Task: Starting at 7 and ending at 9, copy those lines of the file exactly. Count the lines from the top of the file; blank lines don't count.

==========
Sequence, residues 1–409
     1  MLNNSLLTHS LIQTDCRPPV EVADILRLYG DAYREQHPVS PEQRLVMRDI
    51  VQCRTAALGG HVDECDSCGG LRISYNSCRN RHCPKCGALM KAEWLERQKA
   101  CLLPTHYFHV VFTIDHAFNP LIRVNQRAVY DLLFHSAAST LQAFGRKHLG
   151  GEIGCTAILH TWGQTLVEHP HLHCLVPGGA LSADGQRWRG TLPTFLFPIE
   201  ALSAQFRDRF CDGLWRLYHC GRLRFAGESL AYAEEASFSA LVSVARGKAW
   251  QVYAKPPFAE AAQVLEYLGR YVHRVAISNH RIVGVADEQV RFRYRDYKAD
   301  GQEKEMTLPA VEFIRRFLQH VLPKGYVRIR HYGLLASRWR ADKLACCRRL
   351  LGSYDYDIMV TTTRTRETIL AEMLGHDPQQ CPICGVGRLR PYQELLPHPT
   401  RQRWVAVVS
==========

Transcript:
   251  QVYAKPPFAE AAQVLEYLGR YVHRVAISNH RIVGVADEQV RFRYRDYKAD
   301  GQEKEMTLPA VEFIRRFLQH VLPKGYVRIR HYGLLASRWR ADKLACCRRL
   351  LGSYDYDIMV TTTRTRETIL AEMLGHDPQQ CPICGVGRLR PYQELLPHPT